JOURNAL ARTICLE
RANDOMIZED CONTROLLED TRIAL
RESEARCH SUPPORT, NON-U.S. GOV'T
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Lidocaine/tetracaine patch (Rapydan) for topical anaesthesia before arterial access: a double-blind, randomized trial.

BACKGROUND: Arterial catheterization is painful and is associated with patient stress and anxiety. Analgesia is usually provided by subcutaneous injection of local anaesthetic. An alternative is topical anaesthesia, such as Rapydan which is a novel topical anaesthetic patch containing 70 mg each of lidocaine and tetracaine. We therefore tested the hypothesis that Rapydan patch analgesia is non-inferior to subcutaneous local anaesthetic.

METHODS: Ninety patients undergoing elective major cardiac surgery were included in this prospective, double-blind clinical trial. Patients were randomly assigned to receive either a lidocaine/tetracaine patch, followed by subcutaneous injection 0.5 ml of normal saline solution, or placebo patch with subsequent subcutaneous injection of 0.5 ml of lidocaine 1%. Pain during arterial catheterization using 100-mm-long visual analogue scale (VAS) was the primary outcome. Other outcomes were pain during anaesthetic/saline injection and plasma tetracaine concentrations.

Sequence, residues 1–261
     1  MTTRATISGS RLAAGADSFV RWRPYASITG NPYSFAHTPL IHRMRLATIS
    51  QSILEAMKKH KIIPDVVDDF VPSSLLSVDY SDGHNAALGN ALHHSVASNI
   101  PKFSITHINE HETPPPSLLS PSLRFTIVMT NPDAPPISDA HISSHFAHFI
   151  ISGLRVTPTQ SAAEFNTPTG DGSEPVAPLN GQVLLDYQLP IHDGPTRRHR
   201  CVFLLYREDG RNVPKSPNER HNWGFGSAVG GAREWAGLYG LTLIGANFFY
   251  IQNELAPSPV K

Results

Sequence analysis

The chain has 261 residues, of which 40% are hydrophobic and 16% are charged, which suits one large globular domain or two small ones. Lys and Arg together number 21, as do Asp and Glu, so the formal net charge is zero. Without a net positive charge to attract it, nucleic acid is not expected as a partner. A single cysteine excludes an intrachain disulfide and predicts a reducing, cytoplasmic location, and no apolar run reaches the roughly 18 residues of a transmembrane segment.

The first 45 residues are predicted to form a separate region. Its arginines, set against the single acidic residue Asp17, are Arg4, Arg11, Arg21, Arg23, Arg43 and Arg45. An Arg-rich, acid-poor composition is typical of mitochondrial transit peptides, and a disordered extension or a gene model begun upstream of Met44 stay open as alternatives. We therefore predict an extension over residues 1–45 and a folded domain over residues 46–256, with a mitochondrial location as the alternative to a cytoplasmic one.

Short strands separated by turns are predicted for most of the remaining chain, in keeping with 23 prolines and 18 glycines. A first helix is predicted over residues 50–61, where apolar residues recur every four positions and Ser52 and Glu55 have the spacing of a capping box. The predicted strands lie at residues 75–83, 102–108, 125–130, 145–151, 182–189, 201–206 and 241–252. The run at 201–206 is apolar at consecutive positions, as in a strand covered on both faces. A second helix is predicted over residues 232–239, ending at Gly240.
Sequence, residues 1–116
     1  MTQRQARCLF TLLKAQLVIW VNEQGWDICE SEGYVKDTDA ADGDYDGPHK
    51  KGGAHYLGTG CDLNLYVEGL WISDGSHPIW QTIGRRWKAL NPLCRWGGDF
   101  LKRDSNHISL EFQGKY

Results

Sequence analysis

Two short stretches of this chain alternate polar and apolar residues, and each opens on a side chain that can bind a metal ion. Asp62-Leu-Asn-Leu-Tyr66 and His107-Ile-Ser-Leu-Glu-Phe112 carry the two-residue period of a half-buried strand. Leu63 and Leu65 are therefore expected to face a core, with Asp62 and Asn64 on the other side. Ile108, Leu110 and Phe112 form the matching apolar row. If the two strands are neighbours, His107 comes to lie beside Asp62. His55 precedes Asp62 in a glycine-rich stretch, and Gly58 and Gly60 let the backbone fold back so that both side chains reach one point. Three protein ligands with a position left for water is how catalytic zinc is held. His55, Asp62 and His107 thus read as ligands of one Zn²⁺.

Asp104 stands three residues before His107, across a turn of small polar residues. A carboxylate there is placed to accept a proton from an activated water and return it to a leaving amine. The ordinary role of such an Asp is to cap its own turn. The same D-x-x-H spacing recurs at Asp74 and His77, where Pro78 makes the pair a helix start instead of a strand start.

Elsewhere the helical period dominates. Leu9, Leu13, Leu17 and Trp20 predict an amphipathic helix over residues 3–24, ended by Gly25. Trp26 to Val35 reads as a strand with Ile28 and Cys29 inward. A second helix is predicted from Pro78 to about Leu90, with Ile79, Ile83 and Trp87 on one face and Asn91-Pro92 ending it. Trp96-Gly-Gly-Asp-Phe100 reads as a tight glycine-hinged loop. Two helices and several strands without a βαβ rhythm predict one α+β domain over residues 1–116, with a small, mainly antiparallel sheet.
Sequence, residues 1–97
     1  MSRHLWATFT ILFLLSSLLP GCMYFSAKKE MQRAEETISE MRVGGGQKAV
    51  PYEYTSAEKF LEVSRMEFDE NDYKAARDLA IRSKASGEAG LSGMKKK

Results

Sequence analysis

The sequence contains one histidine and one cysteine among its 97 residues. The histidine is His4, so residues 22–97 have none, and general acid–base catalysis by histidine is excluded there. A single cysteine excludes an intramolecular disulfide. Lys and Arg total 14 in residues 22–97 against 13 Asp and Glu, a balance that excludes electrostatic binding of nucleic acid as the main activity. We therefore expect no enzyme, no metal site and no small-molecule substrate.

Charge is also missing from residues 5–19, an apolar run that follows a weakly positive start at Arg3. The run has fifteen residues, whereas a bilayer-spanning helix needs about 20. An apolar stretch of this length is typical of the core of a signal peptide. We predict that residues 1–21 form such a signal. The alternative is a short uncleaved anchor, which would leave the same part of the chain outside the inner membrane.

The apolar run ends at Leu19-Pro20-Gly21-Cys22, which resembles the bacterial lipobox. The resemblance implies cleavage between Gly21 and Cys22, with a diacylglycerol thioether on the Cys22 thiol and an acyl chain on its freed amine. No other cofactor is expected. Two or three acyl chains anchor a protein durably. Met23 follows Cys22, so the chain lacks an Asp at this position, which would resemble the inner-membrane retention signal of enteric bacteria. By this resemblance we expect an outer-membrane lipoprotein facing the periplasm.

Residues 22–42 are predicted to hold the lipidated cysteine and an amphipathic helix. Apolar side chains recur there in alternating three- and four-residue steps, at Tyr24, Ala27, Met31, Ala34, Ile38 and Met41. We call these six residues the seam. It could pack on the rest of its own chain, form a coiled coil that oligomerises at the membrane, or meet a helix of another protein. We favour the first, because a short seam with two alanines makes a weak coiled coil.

RESULTS: VAS pain scores during arterial puncture were comparable in both groups and Rapydan was non-inferior to subcutaneous lidocaine. Pain scores at the time of subcutaneous injection were significantly lower (better) in patients assigned to the lidocaine/tetracaine patch than to lidocaine (P=0.001). Plasma tetracaine concentrations never exceeded the detection limit of 25 ng ml(-1) at any time in any patient.

CONCLUSIONS: Both the lidocaine/tetracaine patch and subcutaneous injection of lidocaine provided comparable pain control during arterial catheter insertion. Subcutaneous lidocaine caused discomfort during injection, whereas the lidocaine/tetracaine patch required placement 20 min before the procedure. Given adequate time, the patch provided better overall analgesia by obviating the need for subcutaneous infiltration.

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